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Lately, on all kinds of photography pages, I've been seeing more and more photographers wearing the NLP Bullshit Badge of Courage. Many of them often provide commentary that smacks of their belief that shooting their subjects in natural light alone, without the help of flash or any other lighting tools, makes them, somehow, more skillful or accomplished or better as photographers. To them I simply say, "Bullshit."
Here's why some photographers insist on shooting with natural light alone:
1. They don't own any lighting gear (or own a bare minimum of such equipment) and/or barely have a clue how to employ flash photography with daylight.
2. They don't own and/or have skills and know-how in the effective use of reflectors and scrims.
3. They are smug elitists in general and their photography is no exception to their sense of elitism and exceptionalism.
4. They know how to "create" pseudo or faux-lighting with post-processing -- be it with their own skills or with automated apps -- and, therefore, feel they have little need to effectively employ good lighting skills and techniques or even gear while in production.
5. They simply prefer, for creative reasons, to shoot with daylight without the help of flash or other tools. (Probably the least common reason but at least one I respect, when it's actually true.)
I am regularly taken back (a bit) when I see people posting pretty good model pics but, instead of simply being happy to have created such photos and enjoying the nice comments about them, they seem to relish informing everyone how they boldly and expertly snapped it with natural light alone, making sure they add some commentary about how they didn't even use so much as a reflector cuz, I guess, they're just that fucking good.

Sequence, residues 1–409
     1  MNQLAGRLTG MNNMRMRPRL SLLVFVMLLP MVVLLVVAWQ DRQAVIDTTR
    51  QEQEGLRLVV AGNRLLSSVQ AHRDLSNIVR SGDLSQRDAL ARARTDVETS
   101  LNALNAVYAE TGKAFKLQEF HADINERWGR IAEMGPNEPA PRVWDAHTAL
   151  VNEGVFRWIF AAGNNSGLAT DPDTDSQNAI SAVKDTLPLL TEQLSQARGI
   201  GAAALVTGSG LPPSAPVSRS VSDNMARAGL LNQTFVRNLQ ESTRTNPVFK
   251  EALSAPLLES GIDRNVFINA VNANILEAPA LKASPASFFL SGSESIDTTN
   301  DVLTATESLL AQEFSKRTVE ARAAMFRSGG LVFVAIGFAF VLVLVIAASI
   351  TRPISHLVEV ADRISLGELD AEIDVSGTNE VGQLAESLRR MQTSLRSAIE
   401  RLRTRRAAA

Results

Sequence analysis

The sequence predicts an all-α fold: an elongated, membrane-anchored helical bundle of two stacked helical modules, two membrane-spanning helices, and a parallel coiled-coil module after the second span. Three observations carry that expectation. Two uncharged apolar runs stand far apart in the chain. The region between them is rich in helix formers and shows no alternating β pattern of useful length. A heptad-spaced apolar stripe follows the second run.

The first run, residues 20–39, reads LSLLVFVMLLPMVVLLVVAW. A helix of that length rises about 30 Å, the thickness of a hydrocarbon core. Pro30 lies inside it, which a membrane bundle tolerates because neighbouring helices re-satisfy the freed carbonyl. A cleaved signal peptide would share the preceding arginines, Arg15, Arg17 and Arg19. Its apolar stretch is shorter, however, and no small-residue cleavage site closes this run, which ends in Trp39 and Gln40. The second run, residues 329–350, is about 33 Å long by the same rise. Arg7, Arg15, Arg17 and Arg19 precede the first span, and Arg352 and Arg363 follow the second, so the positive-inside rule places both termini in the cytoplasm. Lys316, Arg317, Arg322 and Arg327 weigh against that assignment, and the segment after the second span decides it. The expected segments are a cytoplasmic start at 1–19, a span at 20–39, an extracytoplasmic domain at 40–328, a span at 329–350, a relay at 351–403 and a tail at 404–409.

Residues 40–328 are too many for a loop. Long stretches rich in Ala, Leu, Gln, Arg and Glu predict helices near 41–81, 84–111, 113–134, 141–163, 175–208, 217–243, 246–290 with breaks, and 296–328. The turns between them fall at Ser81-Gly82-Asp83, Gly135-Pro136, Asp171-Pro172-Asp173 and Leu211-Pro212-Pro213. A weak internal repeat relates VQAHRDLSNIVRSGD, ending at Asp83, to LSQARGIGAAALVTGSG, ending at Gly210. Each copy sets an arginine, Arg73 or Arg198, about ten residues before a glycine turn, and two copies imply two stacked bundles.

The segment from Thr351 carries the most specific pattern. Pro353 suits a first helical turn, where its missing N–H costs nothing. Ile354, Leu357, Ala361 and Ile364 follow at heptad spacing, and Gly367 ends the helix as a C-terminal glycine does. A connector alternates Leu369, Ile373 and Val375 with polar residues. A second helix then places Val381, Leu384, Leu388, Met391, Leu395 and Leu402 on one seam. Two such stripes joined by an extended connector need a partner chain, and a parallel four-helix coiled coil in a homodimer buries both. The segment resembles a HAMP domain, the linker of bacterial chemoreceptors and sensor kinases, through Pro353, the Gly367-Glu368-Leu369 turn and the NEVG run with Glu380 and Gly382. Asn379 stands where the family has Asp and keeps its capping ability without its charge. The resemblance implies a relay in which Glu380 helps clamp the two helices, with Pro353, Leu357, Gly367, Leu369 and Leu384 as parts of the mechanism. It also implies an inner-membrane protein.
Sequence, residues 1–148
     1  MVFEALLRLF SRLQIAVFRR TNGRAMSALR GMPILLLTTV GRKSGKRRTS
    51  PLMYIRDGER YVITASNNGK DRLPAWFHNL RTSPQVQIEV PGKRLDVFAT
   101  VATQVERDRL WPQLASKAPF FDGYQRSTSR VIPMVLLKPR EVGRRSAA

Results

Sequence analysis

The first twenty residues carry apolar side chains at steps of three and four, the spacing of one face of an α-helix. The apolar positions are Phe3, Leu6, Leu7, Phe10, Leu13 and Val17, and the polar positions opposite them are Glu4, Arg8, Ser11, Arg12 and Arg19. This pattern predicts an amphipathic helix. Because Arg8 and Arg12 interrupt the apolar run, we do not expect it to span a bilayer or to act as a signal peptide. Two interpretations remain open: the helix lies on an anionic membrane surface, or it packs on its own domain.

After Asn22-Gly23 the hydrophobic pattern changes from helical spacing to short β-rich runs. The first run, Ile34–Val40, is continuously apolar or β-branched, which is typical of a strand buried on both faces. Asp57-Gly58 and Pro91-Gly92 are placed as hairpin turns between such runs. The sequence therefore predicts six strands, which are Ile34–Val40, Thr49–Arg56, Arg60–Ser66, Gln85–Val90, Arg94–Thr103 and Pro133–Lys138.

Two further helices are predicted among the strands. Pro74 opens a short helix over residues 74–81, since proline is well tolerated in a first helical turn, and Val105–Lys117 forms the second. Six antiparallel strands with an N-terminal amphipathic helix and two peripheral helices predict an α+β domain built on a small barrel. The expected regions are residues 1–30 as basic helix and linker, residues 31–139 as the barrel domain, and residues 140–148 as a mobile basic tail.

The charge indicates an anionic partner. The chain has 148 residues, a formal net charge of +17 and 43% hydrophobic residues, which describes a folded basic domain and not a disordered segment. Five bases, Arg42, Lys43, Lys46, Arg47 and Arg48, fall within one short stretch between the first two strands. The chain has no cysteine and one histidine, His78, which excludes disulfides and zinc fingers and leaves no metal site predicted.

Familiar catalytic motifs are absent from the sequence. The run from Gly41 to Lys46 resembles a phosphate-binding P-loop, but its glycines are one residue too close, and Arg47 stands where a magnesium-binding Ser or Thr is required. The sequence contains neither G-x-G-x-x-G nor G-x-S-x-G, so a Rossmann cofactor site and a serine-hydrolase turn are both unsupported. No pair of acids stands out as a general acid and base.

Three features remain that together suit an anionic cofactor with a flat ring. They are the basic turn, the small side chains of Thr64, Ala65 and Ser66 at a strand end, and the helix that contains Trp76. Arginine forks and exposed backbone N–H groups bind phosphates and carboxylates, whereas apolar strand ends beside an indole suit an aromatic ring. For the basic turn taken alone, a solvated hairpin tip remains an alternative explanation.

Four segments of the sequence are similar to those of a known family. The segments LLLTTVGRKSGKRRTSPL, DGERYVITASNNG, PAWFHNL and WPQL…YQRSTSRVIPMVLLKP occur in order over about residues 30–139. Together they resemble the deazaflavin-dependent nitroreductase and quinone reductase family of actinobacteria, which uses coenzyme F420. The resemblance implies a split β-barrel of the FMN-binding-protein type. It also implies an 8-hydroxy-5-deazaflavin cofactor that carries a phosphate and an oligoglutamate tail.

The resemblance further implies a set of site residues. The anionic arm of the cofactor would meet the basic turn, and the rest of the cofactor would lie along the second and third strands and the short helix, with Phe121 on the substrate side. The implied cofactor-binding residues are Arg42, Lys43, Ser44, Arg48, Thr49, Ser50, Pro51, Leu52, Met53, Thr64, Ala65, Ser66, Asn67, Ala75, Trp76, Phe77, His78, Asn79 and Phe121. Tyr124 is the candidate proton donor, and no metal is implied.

Whoop-dee-fucking-doo! Color me unimpressed in the extreme.
Here some 411 for those wearing the NLP's Bullshit Badge of Courage:
First off, if I had to rely on natural light alone every time someone hired me to shoot a model at an exterior location in daylight, my income over the past couple of decades would have been seriously impacted in negative ways. How so? Because great natural light is not always available at all exterior locations at all times of day and, as a result, many of my images would have suffered and so would my re-hires by the clients who hired me. (Clients don't accept excuses like, "Oh. Sorry. The light sucked. I'll do better next time if there's good light.")
Secondly, while shooting with natural light alone might seem like the most efficient way to shoot, the absolute most efficient way to shoot is not always the correct approach if that efficiency doesn't produce images that are, at the very least, minimally competent. (And "minimally competent" doesn't always cut it with clients. In fact, in my world, it rarely does.)
Third, some of us working photographers don't perform the post-production on our sets of images that our clients will be using for various artwork. Instead, we hand over images (burned onto CDs or DVDs) straight out of the camera, generally at the end of a production day. In other words, there's no enhancing or fixing fuck-ups of images that simply don't cut the mustard, whatever cutting the mustard actually means, you know, originally when people first started using the phrase. Again, images that don't cut the mustard, be it brown or yellow or even grey (Poupon) mustard, might have a serious and negative impact on a photographer's hope and desire for being re-hired for future work.
Personally, when I'm working, I'm all about keeping it simple and using the best tools for the job. If there happens to be super-excellent natural light where and when I'm shooting, I'll go that way, without any added tools. But that doesn't happen too often and, consequently, I often need to add some tools into the mix to capture the sorts of images my clients expect. You know, like artificial lighting gear or reflectors and scrims to enhance, modify, or control the natural light.
If you're someone who wears that NLP Bullshit Badge of Courage, for whatever of the 5 reasons I provided above, the odds are you're seriously limiting yourself as a photographer of those human beings who professionally model in front of a camera or those who are in front of a camera for various other reasons.
Trust me when I tell you the image of the model at the top, Dahlia, would have been barely competent (i.e., appearing like un-cut mustard without some heavy application of post-production manipulating) if, for whatever reason, it was snapped with the natural light alone at that specific location and time of day. In this case, the artificial light was a Paul C. Buff "Zeus" power pack with one head inside a medium, rectangular, soft box for a key light (pretty much on-axis from slightly above and angled downwards) plus the Buff ring flash mounted around the camera's lens for some subtle fill. By the way, if you didn't already know, lighting pioneer, Paul C. Buff, passed away just recently. RIP Paul.